Things You Can Do to Protect Water Quality
Nobody knows your community better than you do! We encourage you to take an active role in protecting the water resources in your community. The water quality standards in your state, territory or tribe are designed to protect all waters for:
- Recreational use
- Growth of a balanced population of aquatic life, and
- Production of edible and marketable fish and shellfish
Your feedback and participation in your state, territory or tribe’s water quality standards review is an important component in revising these standards to protect the resources that are important to us all.
Find out about the water quality standards in your state, territory or tribe. The most current EPA-approved WQS for your state can be found by clicking the link below or you can visit your state’s water quality standards website.
Each time water quality standards are revised, The Clean Water Act requires states, territories and authorized tribes to hold public hearings. The public may make recommendations on improvements or modifications in the standards during the public hearing process.
Public hearings are a powerful vehicle through which citizens may make their concerns known to public officials. EPA and states, territories and authorized tribes also hold meetings and webinars to share updates and information.
Your regional EPA contact may also have more information about upcoming public events in your state, territory, or tribe.
States, territories and authorized tribes regularly offer the public the opportunity to provide feedback or offer comments on topics such as upcoming rule making sessions. Consider submitting a written or verbal public comment during the next open public comment period.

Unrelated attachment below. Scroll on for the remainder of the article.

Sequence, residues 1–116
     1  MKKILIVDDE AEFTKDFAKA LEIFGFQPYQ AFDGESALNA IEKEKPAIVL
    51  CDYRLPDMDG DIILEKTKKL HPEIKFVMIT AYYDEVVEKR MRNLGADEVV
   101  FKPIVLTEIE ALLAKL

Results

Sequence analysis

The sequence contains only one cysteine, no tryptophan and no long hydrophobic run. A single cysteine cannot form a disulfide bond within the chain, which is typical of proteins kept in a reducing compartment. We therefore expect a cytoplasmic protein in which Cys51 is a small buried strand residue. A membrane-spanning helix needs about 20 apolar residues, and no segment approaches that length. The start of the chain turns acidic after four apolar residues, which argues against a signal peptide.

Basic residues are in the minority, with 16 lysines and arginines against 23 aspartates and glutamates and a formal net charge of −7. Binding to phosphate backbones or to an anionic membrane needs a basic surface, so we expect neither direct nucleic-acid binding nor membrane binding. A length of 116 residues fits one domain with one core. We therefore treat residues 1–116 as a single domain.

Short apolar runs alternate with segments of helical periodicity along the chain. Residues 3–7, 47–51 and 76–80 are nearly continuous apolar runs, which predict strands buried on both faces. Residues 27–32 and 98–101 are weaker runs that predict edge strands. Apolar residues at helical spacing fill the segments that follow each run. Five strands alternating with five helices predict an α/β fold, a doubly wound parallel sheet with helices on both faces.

Participate in volunteer activities such as monitoring programs to help track the condition of your local rivers, streams, lakes, and other waters. For instance, the National Water Quality Monitoring Council (Council) provides a forum to improve the Nation's water quality through partnerships that foster increased understanding and stewardship of our water resources.
- Volunteer Information
- National Water Quality Monitoring Council
- The Watershed Sleuth Challenge Try your hand at building a model aquifer, or take an interactive quiz to find out where water wasters are. These are just some of the online activities offered by EPA and the National Environmental Education Foundation. Children, families, K-12 school groups and others can earn a different digital badge for each lesson they complete, and show off their watershed knowledge!
EPA has designed free on-line training sessions useful to those seeking an introduction to the key concepts in water quality standards.
specified uses for water bodies (designated uses)
policies for protecting high quality waters (antidegradation)
target conditions for protecting aquatic creatures and human health (criteria)
EPA’s approval process for water quality standards
implementation of standards by states, territories and authorized tribes
Reach out to your community through Social Media.
There are more ways you can get involved, including raising awareness about potential threats to your drinking water, local rivers, lakes, streams, wetlands, the fish and shellfish you eat, and aquatic ecosystems.